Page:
Without a tool known as the DNA microarray, or DNA chip, Kao's finding may not have been possible. First developed a decade ago at Stanford in the lab of biochemistry Professor Patrick Brown, microarrays use both computer technology and DNA base pairing to track the expression of thousands of genes simultaneously. The technique has tremendous potential for the study of biological processes where numerous genes work in concert--an apt description of antibiotic synthesis.
A microarray consists of single-stranded DNA arranged on a wafer the size of a postage stamp. The genetic sequence of the DNA tethered to the chip is known. Then researchers add a sample with an unknown composition of fluorescently labeled DNA molecules. The base pairs in the sample's single-stranded DNA, groups of which correspond to individual genes, stick to similar, or homologous, regions of the DNA tethered to the chip. The presence of the resulting double-stranded DNA reveals the base-pair sequence and the amount of that sequence in the added sample.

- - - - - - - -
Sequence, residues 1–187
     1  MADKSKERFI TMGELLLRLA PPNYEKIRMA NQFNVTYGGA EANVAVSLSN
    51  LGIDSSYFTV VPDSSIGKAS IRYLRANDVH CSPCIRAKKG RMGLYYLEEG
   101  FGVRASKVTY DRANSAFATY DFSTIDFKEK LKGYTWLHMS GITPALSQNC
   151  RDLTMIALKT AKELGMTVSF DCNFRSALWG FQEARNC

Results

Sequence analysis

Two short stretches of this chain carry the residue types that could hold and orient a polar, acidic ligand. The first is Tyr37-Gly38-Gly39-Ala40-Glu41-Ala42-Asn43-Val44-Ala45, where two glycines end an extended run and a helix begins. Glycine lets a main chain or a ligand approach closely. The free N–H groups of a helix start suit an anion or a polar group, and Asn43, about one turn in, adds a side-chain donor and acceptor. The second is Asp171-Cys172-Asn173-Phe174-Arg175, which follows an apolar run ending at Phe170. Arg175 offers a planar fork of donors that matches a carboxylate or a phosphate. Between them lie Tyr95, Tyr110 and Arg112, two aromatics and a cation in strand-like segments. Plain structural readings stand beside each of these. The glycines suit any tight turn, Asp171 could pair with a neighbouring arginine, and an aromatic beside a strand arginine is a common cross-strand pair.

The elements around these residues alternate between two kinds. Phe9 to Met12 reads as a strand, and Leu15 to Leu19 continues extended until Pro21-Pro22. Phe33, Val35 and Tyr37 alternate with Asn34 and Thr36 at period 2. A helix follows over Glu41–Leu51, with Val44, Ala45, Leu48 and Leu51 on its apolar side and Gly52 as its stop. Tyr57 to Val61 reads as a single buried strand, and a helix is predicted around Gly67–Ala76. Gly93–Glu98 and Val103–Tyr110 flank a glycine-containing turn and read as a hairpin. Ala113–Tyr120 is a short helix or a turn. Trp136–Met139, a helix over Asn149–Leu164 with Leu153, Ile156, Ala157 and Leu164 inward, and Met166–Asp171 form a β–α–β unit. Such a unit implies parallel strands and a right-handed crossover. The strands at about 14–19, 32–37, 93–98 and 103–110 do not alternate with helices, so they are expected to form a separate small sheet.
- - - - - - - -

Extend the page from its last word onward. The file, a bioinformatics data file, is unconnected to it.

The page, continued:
One way to measure gene expression is to measure levels of messenger RNA--that's RNA that translates the genetic information of DNA into proteins. Accordingly, one can go backwards and make DNA copies of all RNA transcripts in the mutant bacterial cultures of interest. With this clever trick, one can get DNA that can bind to the DNA already on the microarray, and the concentrations accurately reflect gene expression.
In Kao's experiment, DNA copies of RNA from cultures of erythromycin-producing bacteria were infused with fluorescent dye and applied to the microarray.
"This experiment revealed that the RNA transcript abundance of the erythromycin-producing genes remained higher fo